More often than not, fur added to a NorthWest Coast mask is a step too far – a sign, usually, that the artist is uncertain about their skill and trying to hide any errors by over-embellishing. However, the fox fur that Young adds is an exception. Its untidy shagginess on the top of the mask adds to the ferocity, while its off-white color contrasts strongly with the natural color of the wood.

Unfortunately, the fur made shipping the mask to the United States impossible. But since that technicality is why I was able to buy it, I have no complaints. However I got my hands on Young’s “Wolf Mask,” I consider it one of the outstanding treasures in my art collection.

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Thanks to the Vancouver Art Gallery’s exhibit, I not only have a greater appreciation of Charles Edenshaw as an individual artist, but a greater understanding of his key role on the Renaissance of First Nations Art in the Pacific Northwest. But, increasingly, I wonder about the man behind the art. What was his inner life like?

Glimpses of his life do exist. In During My Time, his daughter Florence Davidson mentions how her father used to say a prayer, then sit himself down on the low chair he preferred and work for the next twelve hours. I believe, too that Davidson tells how he once said that he was tired of art, and wouldn’t do any in his next life; a great nephew who showed no interest in art but died early is suspected to have been his reincarnation. Haida friends also tell me that a lively oral tradition about Edenshaw continues to exist on Haida Gwaii, and from his art, I infer a man with great powers of concentration and attention to detail who took pride in his work.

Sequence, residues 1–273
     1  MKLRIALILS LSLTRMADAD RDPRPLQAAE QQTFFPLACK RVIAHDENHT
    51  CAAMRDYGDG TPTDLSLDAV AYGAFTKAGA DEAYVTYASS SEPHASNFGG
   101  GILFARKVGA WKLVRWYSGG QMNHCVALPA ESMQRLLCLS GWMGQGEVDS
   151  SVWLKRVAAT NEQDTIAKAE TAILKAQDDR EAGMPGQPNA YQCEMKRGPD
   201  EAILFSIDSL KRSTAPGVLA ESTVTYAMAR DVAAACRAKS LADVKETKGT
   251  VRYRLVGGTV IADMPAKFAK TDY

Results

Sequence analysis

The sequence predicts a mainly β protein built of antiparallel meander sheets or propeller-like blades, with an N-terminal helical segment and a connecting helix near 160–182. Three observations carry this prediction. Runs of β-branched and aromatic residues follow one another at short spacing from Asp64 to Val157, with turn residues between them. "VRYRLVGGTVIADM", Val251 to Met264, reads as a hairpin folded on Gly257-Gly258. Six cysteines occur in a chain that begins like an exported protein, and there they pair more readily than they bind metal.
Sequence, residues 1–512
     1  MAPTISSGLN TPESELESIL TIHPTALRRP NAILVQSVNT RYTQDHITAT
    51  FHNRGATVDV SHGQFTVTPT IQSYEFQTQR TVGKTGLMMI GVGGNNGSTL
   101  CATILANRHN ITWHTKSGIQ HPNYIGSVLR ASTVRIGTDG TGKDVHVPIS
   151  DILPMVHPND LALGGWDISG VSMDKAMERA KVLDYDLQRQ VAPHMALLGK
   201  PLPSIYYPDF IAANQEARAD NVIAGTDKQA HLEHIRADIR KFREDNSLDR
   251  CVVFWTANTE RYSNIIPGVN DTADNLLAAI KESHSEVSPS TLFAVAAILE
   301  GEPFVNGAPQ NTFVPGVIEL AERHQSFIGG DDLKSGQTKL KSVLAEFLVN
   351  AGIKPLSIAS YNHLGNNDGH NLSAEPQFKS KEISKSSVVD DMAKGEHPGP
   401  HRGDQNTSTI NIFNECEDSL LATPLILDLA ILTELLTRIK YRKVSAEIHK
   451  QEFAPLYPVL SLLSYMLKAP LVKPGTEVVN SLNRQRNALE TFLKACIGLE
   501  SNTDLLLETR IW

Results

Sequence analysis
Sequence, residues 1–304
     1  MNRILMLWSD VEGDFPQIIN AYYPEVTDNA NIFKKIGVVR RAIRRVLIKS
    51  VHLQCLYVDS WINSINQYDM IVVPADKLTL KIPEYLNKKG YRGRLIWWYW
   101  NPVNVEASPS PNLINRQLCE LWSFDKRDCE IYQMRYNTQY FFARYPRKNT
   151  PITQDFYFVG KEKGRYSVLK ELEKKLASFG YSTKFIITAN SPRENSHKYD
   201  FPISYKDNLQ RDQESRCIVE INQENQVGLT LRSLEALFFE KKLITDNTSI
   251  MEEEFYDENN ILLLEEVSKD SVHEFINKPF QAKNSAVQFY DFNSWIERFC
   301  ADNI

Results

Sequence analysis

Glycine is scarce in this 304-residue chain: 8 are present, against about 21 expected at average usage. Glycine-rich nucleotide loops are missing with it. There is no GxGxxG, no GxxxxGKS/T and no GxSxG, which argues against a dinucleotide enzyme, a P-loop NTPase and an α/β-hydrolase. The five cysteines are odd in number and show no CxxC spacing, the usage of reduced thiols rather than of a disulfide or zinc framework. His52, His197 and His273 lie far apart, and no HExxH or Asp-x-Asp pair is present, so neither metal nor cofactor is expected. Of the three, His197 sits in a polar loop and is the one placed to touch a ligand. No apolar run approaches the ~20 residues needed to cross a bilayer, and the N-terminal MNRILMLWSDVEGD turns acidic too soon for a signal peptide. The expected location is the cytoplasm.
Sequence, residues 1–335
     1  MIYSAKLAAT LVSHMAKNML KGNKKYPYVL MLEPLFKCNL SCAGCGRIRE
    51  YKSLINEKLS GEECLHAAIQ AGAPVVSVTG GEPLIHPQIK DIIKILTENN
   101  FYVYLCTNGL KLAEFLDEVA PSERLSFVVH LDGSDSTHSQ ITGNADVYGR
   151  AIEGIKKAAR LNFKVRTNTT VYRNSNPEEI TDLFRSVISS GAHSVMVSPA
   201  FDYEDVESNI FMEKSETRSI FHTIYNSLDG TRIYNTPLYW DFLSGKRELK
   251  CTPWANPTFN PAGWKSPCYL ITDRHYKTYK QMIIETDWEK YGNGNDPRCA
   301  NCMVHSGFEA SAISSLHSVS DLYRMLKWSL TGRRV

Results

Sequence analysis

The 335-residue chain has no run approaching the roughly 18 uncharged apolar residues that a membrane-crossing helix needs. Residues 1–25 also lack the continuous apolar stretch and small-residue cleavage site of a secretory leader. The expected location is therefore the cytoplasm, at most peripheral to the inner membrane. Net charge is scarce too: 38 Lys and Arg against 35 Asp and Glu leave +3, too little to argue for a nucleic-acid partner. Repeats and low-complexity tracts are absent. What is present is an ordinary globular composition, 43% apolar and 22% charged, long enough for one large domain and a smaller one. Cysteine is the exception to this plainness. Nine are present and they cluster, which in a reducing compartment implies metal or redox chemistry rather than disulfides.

But such glimpses are tantalizingly few, especially for such a man and such times as he lived in. Almost immediately, the reliable information trails off into surmises. He was said to have been sickly in his youth, and even in his prime, he looks small and fragile in the pictures that have survived, and possibly not too steady on his feet. His early ill-health is often surmised to be the reason he turned to art to make a living – he simply wasn’t rugged enough to earn a living by fishing and logging, like other men of his generation.

Yet what he thought about his life is completely unknown. Did he ever feel resentful at having to live a sedentary life? Or was he quiet man, content to stay close at home and perhaps see more of his family than most of his generation of men? We simply don’t know.